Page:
West’s idea of self-determination, hypocrisy at its best

John Wight
John Wight has written for newspapers and websites across the world, including the Independent, Morning Star, Huffington Post, Counterpunch, London Progressive Journal, and Foreign Policy Journal. He is also a regular commentator on RT and BBC Radio. John is currently working on a book exploring the role of the West in the Arab Spring. You can follow him on Twitter @JohnWight1
ARCHIVE PHOTO: The main post office building in the town of Uzice, (C) some 200kms southwest of Belgrade, is seen destroyed after last night's NATO air strikes May 9 © YUGOSLAVIA OUT
When Yugoslavia was destroyed and broken up with the active participation of the West, the world was told it was in the interests of self-determination. Pity then that the same principles do not apply when it comes to Crimea or the Republika Srpska.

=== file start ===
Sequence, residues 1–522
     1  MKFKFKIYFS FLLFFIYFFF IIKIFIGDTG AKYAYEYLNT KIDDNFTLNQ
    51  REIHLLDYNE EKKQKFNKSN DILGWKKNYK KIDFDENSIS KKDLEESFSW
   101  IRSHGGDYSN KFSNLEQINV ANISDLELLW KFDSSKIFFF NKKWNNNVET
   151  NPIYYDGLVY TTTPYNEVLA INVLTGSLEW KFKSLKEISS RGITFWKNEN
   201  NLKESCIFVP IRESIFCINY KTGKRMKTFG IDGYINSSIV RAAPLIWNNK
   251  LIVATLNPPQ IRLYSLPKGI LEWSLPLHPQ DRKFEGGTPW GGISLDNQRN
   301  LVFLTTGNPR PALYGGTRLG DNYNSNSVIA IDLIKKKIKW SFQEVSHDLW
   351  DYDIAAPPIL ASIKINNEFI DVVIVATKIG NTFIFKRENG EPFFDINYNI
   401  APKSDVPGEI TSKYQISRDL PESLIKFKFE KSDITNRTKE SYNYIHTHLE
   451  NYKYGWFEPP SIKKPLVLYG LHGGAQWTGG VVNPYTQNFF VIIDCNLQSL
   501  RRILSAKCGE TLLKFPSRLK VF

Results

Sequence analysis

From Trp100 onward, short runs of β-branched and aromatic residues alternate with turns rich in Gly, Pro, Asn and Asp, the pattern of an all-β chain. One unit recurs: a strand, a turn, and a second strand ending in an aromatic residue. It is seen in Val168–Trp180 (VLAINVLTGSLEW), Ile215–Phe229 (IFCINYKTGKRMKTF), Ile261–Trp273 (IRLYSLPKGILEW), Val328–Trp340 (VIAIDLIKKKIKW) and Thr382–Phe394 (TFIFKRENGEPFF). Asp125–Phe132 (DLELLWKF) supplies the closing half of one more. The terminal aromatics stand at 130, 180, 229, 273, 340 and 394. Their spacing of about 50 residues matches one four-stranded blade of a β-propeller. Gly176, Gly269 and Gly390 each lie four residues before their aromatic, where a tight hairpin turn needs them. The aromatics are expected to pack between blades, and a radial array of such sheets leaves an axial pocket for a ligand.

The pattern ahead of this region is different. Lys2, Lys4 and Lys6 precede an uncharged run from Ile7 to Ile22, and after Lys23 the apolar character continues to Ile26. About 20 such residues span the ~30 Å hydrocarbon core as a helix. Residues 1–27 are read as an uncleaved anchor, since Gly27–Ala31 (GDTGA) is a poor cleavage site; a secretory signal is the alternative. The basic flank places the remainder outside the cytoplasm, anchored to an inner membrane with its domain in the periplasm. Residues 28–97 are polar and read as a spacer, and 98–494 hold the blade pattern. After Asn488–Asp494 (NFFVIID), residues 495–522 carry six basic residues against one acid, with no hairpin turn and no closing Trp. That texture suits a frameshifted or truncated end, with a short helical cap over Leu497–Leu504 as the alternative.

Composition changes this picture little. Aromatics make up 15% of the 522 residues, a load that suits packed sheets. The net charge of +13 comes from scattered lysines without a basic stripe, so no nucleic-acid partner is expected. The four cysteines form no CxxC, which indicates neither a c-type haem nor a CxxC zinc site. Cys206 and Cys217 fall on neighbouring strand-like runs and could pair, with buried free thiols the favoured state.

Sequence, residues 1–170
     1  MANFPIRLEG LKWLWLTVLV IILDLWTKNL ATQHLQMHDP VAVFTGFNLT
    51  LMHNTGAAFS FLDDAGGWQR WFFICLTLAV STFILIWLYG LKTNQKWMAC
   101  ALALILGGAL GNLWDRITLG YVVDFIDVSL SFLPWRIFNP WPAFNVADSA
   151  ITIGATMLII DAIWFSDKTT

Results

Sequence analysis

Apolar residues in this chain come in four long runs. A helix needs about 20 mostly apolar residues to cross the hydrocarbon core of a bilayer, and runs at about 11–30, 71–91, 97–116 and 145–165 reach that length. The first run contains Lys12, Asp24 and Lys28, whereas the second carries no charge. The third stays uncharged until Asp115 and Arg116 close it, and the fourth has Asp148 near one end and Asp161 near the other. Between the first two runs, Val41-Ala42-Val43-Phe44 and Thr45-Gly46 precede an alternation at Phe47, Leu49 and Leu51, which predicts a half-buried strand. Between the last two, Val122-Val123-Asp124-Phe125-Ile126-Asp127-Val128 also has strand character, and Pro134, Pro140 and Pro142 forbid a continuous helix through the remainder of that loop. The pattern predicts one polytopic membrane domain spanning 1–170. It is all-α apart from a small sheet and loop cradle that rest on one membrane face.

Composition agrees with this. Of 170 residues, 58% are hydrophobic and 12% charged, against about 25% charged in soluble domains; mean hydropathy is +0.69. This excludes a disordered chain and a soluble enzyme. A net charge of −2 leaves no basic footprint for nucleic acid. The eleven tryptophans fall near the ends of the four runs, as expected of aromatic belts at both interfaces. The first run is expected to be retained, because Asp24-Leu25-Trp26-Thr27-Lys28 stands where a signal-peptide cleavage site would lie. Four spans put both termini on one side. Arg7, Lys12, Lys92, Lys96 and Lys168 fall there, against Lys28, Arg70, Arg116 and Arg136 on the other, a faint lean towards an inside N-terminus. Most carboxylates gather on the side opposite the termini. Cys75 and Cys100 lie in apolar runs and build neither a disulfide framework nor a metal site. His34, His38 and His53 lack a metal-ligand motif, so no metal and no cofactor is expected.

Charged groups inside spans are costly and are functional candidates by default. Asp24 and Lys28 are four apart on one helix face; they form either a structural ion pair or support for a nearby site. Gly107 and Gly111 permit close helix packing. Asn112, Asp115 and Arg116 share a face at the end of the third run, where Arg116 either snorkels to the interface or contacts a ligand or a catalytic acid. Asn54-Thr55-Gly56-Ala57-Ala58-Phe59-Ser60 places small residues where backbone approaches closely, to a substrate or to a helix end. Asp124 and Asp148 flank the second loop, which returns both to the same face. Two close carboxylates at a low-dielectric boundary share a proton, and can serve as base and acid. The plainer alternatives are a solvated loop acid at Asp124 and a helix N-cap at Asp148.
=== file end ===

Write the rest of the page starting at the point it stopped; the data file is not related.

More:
One of the most grievous crimes of the 20th century was the break-up and fragmentation of Yugoslavia, a sovereign state located in the heart of Europe that was underpinned by values of solidarity, mutuality, and justice. Despite the propaganda unleashed in support of its fragmentation, Yugoslavia would not have been destroyed without the active and determined role of Western governments intent on carrying a neoliberal economic and ideological assault on every last vestige of socialism in Europe.

When Germany recognized Slovenia and Croatia’s independence in 1991 it did so in violation of Yugoslavia’s sovereignty and constitution. The country had found itself beset by nationalist centrifugal forces that had erupted in the wake of sustained efforts by the West to destabilize the country and see it dismantled in service to free market orthodoxy.

Under the Reagan administration, US National Security Decision Direction 133 - (NSDD 133) – entitled ‘US Policy Towards Yugoslavia’ – was drawn up in 1984, laying out plans for a US sphere of influence in Southeastern Europe.